More on Sexuality and Intimacy
This is a companion piece to yesterday's entry (and let me tell you how happy it makes me when I know in advance what I am going to write about). Yesterday I gave you a link to a comprehensive Medscape article about physical changes and difficulties. Today we are focusing on the psychological issues.
We all know the cliche about "your brain is your primary sex organ", and it surely is true during and after cancer. I big part of regaining a healthy and happy intimate life is being comfortable in your skin and confident about your womanhood and desirability. Those can be very illusive feelings during treatment, and sometimes not so easy afterwards either. If you haven't read my book, After Breast Cancer: A Commonsense Guide to Life After Treatment, I recommend it for a number of reasons, but the relevant one here is that there is a comprehensive chapter about intimacy and these very concerns. The short summary is it is vital that you and your partner talk about all of this and that you need to relearn your body, what pleasures and pleases you.
This is the introduction to an excellent guide from Living Beyond Breast Cancer; you can either read it online or download and print it or even order a paper copy.
Guide to Understanding Intimacy and Sexuality
Practical advice about managing and talking about the sexual side effects of breast cancer
Our Guide to Understanding Intimacy and Sexuality offers an in-depth, candid discussion of the many ways that breast cancer diagnosis and treatment can impact your sexual life. Menopausal symptoms, treatment side effects and changes to your breasts and body can lessen your sexual desire, and the emotional strain that comes from those changes can make it hard to enjoy the physical pleasure of your relationships.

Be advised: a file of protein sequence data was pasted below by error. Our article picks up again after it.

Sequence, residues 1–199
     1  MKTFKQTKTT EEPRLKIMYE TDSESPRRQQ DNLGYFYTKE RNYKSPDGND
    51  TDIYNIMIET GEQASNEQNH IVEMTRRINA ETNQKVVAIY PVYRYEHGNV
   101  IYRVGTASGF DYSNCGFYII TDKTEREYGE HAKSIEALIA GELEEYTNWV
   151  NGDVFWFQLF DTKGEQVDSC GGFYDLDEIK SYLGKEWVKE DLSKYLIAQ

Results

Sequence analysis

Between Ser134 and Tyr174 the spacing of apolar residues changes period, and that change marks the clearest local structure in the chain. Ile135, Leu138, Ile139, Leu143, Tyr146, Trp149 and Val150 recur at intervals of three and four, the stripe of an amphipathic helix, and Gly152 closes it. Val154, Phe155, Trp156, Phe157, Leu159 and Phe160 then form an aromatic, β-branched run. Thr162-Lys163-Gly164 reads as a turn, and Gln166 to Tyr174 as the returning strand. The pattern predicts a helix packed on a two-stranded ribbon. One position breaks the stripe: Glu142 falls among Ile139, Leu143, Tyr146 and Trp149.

You may find that your healthcare providers don’t discuss the details of sexual and intimacy issues related to breast cancer as much as you’d like, or they may not talk about them at all. The Guide to Understanding Intimacy and Sexuality explains the types of treatments and side effects that may impact your sexual life both physically and emotionally, and offers practical advice for preserving or rediscovering it. Explore how to talk to your healthcare providers and partner about concerns, and how to handle talking about your diagnosis with new partners if you start to date after treatment.
The guide includes the experiences of single and partnered people, people of all sexual orientations, and women of all ages.